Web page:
Wednesday, February 11, 2009

Music review: King and Guy, two remarkable monarchs of the blues

B.B. King acknowledges the applause Monday night
from the stage of the Kravis Center. (Photo by Thom Smith)


By Thom Smith

You can have a souped-up roadster with growling pipes and screeching tires, searing the asphalt like the sun.

Or you can have a long, long limousine that rumbles along effortlessly, glistening in the moonlight with its occupants swathed in silk and velvet.

Occasionally you can have both at once, which is what happened Monday night at the Kravis Center, when two kings of the road -- the hot-rodding Buddy Guy and the oh-so-smooth Caddy, B.B. King -- brought their tour to the Kravis Center.

Arguably, the two reigning monarchs of blues guitar should have been weary. They were supposed to play West Palm Beach on Friday, but the road threw up a slight detour that steered them to Los Angeles for Sunday’s Grammy Awards.

Both were up for Best Traditional Blues Album: Guy for Skin Deep, King for One Kind Favor. They also joined in a tribute to Bo Diddley, who died last June at age 79. Then King, Grammy in hand, and Guy, holding no grudges, red-eyed back to Florida.

“All those shows, whether it’s the Grammys, David Letterman or Jay Leno, you do three minutes,” Guy said backstage before his set, “but you got to spend twelve-and-a-half hours getting ready, and most of the time you’re just sitting round. They just have you there. ‘OK, light check!’ ‘Sound check!’ and then it’s ‘All right, see you later on.’”

Guy is 72, but he has little cause to dwell on the past. “You’ll see the most amazing left hand on a guitar that you’ll ever see,” he said of King.

Then he went out and showed some of his own amazing work – left hand and right hand – giving his opener, Willie Dixon’s Hoochie Coochie Man, a slow, deliberate beat before exploding into some of his trademark riffs. He continued the bawdy streak with Slippin’ In, then turned softer on Feels Like Rain, an old John Hiatt tune.

“Play some blues,” a fan yelled from the middle seats, which Guy answered good-naturedly with an expletive and this: “That’s why I cut off all my hair: It turned white from trying to please everybody.”

Bluesman Buddy Guy takes his act to the Kravis audience.
(Photo by Thom Smith)


Unswayed, he followed with Skin Deep, an ode to brotherhood – “underneath we are all the same” – after which he strapped on his trademark polka-dot guitar and hit the aisles for 10 minutes of tightly structured mayhem as fans snapped cellular photos and held up treasured album jackets. If he’d had the time, he would have taken the elevator to the upper levels, picking all the way.

Of course, stars don’t do it alone, and Guy’s backup players – the Damn Right Band – has no trouble holding its own. But just as soon as it started, it was time to go – a couple of quick mimics of John Lee Hooker on Boom, Boom and Eric Clapton’s Creamy days with Strange Brew, and he was gone.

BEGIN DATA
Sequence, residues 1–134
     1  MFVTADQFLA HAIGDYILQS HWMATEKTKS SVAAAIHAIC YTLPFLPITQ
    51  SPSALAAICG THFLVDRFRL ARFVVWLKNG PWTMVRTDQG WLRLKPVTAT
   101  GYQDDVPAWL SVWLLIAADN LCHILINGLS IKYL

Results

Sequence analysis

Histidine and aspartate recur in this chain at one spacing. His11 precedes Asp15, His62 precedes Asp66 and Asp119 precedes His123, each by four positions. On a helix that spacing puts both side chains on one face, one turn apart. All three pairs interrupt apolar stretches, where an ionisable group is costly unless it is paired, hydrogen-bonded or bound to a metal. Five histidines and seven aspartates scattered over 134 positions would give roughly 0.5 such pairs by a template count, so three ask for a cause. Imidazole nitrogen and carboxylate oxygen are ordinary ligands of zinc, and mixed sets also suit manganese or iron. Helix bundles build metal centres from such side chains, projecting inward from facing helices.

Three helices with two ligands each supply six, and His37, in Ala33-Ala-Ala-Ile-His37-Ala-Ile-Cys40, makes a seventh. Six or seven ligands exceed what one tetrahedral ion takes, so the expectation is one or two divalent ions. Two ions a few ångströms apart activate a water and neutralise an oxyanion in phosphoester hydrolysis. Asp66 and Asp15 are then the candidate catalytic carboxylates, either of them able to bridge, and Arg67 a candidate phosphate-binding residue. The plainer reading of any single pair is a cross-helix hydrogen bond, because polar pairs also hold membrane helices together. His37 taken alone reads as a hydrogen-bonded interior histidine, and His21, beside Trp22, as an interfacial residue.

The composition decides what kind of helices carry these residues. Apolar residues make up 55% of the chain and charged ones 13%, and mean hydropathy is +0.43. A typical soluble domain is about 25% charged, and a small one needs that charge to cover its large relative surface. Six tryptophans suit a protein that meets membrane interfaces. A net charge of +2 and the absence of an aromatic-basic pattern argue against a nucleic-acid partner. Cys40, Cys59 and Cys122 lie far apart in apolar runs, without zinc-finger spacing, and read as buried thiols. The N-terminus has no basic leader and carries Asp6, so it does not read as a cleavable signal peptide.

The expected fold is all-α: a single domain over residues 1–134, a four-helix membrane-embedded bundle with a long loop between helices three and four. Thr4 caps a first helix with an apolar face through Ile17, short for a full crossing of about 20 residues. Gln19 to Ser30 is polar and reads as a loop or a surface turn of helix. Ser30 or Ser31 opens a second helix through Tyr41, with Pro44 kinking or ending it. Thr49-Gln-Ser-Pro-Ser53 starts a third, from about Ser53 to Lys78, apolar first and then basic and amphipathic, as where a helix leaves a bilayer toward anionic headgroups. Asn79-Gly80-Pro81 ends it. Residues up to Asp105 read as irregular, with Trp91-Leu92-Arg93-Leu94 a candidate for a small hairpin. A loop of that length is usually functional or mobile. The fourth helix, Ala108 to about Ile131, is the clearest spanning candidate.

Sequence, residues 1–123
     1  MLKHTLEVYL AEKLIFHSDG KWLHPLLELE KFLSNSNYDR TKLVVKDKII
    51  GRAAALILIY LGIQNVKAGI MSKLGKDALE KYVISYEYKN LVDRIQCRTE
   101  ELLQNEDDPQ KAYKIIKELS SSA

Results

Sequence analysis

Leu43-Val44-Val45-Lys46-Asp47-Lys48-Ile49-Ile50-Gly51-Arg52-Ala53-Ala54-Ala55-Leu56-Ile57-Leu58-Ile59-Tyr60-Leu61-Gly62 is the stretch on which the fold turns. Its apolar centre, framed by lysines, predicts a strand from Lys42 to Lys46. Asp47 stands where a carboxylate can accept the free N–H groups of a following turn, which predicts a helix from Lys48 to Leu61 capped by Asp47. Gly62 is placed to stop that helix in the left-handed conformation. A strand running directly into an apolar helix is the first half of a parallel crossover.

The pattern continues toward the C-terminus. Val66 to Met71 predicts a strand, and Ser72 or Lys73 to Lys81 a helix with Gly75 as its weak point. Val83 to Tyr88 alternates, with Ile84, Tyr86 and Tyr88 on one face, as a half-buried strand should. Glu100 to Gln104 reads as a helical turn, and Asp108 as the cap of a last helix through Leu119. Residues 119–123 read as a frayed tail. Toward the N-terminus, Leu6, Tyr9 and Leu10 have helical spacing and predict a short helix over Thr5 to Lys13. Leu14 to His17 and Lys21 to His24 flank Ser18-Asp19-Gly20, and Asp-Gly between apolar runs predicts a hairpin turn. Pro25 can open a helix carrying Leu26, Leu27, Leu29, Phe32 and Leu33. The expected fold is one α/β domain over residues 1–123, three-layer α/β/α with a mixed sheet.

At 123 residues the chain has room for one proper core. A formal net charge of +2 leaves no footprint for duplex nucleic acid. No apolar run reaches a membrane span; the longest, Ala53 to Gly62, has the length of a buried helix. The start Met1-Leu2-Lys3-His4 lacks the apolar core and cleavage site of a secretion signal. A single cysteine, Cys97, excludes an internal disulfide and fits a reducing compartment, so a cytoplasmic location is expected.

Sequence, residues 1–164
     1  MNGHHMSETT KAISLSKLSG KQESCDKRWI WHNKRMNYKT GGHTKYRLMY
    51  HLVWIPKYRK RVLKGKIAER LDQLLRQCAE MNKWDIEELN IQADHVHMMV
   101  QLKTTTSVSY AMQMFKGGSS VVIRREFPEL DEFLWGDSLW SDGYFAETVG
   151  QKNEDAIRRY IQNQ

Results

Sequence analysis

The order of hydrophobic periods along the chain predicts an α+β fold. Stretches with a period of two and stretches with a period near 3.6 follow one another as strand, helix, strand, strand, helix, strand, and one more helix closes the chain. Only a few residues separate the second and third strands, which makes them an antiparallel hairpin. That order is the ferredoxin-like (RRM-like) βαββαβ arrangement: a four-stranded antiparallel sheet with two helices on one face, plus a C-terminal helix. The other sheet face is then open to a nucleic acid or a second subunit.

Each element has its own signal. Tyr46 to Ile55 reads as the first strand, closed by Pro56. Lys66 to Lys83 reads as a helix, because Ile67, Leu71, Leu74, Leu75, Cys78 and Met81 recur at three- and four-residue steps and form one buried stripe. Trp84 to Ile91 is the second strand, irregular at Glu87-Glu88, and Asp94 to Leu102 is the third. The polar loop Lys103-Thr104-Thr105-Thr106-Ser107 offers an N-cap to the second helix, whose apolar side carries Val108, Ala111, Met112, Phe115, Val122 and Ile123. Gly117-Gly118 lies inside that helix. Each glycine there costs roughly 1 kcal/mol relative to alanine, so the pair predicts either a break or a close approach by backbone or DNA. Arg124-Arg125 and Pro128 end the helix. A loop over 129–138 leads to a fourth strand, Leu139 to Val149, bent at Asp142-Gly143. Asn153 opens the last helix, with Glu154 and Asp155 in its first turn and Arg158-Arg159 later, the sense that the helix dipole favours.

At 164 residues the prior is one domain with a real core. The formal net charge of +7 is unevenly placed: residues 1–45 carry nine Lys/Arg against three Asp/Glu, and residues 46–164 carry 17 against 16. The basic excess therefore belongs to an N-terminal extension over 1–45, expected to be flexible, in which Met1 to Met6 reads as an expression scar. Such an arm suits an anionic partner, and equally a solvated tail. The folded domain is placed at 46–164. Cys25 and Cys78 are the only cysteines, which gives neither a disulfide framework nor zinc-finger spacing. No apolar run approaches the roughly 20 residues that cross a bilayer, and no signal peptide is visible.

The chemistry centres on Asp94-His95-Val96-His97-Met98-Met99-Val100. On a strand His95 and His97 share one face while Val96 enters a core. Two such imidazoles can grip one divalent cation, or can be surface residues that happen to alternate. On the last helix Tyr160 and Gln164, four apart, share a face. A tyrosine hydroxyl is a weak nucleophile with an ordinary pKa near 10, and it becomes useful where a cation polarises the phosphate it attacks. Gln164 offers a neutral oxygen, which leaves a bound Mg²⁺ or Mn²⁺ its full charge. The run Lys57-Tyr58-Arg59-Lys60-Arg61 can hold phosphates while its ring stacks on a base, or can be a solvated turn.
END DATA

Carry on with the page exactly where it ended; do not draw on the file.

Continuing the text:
The transition from Guy to King was immediately obvious, as setup began for the second set. Guy wore a black warm-up suit and his band wore street clothes. King’s men, actually a big band, sported tuxes. Their charts rested on music stands, and they started the show with a swing number to showcase each member before the big man arrived in a brown sharkskin suit, black patent-leather shoes and 24-karat guitar.

“I’m diabetic, I got bad knees, a bad back, can’t remember anything,” King teased as he plopped into a chair for the evening, “but I do remember I’m 83 years old.”

He also remembered the award from the night before, his 14th. (Guy has won five.) “You’re always glad to get the Grammy,” he added and then swung into a stream of talking and singing blues consciousness that touched on cotton picking, happiness, sex, love, women, and his dislike for the bad treatment of women by some rappers.

He was rough, tender, smart, sassy, defiant – and also contrite.

“I love to laugh,” he told the audience, “and it makes me happier when I see you smile.”

Later he assumed the role of love doctor, advising that “ladies have a way of looking at you when you’re making a fool of yourself. You may not like what they call you, but just don’t leave,” because somebody else will take your place.

King offered up a Grammy-winning sampler with See That My Grave Is Kept Clean, to which some in the audience shouted “Never!”, followed with “a song for the ladies”: You Are My Sunshine, and then extolled the virtues of “Dr. Viagra” and “Nurse Levitra,” adding with a devilish smile, “I may not be as good now as I used to be” before closing with The Thrill Is Gone.

The only real downer of the show was that they two didn’t play together. But as soon as his set ended Guy and his band were in the bus, bound for the next night’s gig in Hilton Head.

King may be 83 and plagued by maladies, but the melodies remain and that left hand that Guy mentioned can still do remarkable things on a guitar.

Thom Smith is a freelance writer based in South Florida.

No comments: